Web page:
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          # plus acceleration contribution
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          $val+=0.5*$a*$t*$t;
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    }
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    # use absolute time, not per-bounce time
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    $tt = $tscene + $t;
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    # convert relative y back to absolute
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    $y = $val + $ymin;
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    # set time, add and set key
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    lx ("select.time $tt");
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    lx ("channel.key mode:add");
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    lx ("channel.value mode:set value:{$val}");
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}
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</syntaxhighlight>
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|Lua|
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<syntaxhighlight lang="lua">
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</syntaxhighlight>
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|Python|
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<syntaxhighlight lang="python">
 +
 
</syntaxhighlight>
 
</syntaxhighlight>
 
}}
 
}}

Revision as of 12:24, 31 March 2012

modo takes a somewhat unique approach to item transforms. Rather than include the transforms as part of the item itself, the item is linked to secondary transform-specific items. This article explains how transform channels work and demonstrates them with script that creates a bouncing ball.

Transform Channels

Every item in modo has channels, and these are the primary manner in which item state is exposed for editing. Some channels are hidden from the user, or represent [Common Datatypes#Complex Datatypes|complex datatypes]] such as mesh stacks and item links. In general, scripts deal only with simple datatypes, notably numeric and string channels.

As described previously, most item channels can be walked through the Sceneservice ScriptQuery interface, and can be read or set using the Item.channel command. Transform channels, however, are a little different.

Transform Items

Locator item types (which includes Mesh, Camera, Light and so on) do not directly have their own position, rotation and scale channels. Instead, they have links to transform items that handle these properties. This allows multiple items to share the same transform items, and to save memory by not creating the transform items and associated channels when they aren’t required.

This unique system complicates how the position, rotation and scale of an item are read. You can’t directly ask the item for its channels, since they aren't on that item. Instead, you must ask the item for its transform item, and then query that item's channels. The sceneservice ScriptQuery interface provides a series of item.xfrm??? attributes to simplify getting the IDs of the transform items.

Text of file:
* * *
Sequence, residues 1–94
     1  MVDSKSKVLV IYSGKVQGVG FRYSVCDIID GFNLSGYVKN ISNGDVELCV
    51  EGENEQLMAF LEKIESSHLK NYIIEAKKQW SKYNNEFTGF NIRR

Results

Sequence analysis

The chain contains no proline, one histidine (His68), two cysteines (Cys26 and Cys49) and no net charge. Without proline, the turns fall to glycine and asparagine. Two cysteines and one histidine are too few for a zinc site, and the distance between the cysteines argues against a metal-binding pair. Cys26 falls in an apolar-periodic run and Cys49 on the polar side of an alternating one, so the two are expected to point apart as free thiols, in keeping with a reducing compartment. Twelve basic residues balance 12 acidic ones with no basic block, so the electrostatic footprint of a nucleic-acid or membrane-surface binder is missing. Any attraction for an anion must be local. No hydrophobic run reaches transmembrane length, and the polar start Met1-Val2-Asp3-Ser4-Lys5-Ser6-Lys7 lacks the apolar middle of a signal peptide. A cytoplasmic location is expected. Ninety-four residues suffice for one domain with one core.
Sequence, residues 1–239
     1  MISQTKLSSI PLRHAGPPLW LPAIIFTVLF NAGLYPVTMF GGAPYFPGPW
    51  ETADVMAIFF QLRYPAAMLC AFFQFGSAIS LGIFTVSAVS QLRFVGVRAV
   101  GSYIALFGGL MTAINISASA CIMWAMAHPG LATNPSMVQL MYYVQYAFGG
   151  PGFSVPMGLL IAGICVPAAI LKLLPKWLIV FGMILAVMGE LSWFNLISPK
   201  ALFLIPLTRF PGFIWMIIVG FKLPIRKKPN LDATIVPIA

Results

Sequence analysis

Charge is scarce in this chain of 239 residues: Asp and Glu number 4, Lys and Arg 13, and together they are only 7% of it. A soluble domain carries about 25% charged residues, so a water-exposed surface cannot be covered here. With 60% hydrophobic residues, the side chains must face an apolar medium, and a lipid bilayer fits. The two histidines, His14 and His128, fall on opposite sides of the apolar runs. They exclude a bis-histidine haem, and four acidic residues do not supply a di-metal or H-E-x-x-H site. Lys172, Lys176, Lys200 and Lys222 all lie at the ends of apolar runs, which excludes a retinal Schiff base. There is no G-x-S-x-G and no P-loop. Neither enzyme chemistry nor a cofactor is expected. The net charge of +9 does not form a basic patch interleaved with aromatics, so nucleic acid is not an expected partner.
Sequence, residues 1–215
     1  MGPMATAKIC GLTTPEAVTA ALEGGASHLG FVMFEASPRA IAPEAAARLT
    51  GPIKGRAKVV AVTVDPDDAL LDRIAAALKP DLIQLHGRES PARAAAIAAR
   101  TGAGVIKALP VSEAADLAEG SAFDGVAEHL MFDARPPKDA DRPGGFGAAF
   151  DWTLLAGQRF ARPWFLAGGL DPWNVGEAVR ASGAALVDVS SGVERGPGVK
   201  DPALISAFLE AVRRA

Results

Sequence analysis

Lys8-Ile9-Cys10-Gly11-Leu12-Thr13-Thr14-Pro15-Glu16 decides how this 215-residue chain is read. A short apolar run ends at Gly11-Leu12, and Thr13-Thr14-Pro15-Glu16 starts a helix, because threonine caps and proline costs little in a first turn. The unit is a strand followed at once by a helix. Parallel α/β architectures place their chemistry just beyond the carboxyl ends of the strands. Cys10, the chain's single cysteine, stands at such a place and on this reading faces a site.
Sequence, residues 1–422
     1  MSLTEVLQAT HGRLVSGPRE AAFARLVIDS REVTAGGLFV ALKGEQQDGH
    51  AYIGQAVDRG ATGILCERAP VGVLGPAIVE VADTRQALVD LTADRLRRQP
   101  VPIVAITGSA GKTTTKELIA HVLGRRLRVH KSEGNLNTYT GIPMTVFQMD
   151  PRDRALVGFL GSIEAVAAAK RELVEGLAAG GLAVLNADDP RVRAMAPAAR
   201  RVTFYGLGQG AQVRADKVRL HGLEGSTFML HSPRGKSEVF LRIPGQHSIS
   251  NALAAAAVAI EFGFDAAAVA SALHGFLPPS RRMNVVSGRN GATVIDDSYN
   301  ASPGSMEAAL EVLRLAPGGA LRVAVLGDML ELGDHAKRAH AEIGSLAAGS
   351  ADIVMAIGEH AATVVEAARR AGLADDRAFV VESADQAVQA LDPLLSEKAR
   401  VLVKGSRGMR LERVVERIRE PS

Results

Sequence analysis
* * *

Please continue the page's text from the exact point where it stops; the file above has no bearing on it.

Attribute Transform
item.xfrmItems (all)
item.xfrmPos Position
item.xfrmRot Rotation
item.xfrmScl Scale
item.xfrmPiv Pivot
item.xfrmPivC Pivot Compensation

These each require an item ID as a selector, which can be obtained via the item.id attribute of sceneservice. The item.xfrmItems attribute returns a list of all transform items currently used by the selector item. For example, a mesh item might return the following:

scale021
rotation022
translation023

You can also directly request a transform item by using one of the other item.xfrm??? attributes. These simply return the item ID string, or an empty string if there is no linked transform item.

As you can see from the table above, there are currently five types of transform items. The position, rotation and scale transforms should be obvious. Pivot defines a "pivot point", which defines the position at which the rotation transform is centered. Pivot compensation is the inverse of the pivot transform; when you move the pivot of an item that has been scaled or rotated, a compensation transform is calculated to ensure that the item remains in the same wold position.

Creating Transform Items

If the transform you want to manipulate does not yet have a matching item, you need to create it first. This example shows how to check for the pivot transform item, and if it is not found, create it through the transform.add command.

TabbedArea

Once you have the item ID, you can query it as normal through the item.channel command or through the sceneservice interface. Since item.channel works on the current item selection, you need to select the transform item first with select.item, or you can pass it as the item argument. This example sets the X position of the pivot item to 1.3 meters.

TabbedArea

Bouncing Ball Example

This example perl script by Arnie Cachelin creates a simple bouncing ball style animation by creating keyframes on the position transform item of the currently selected item.

TabbedArea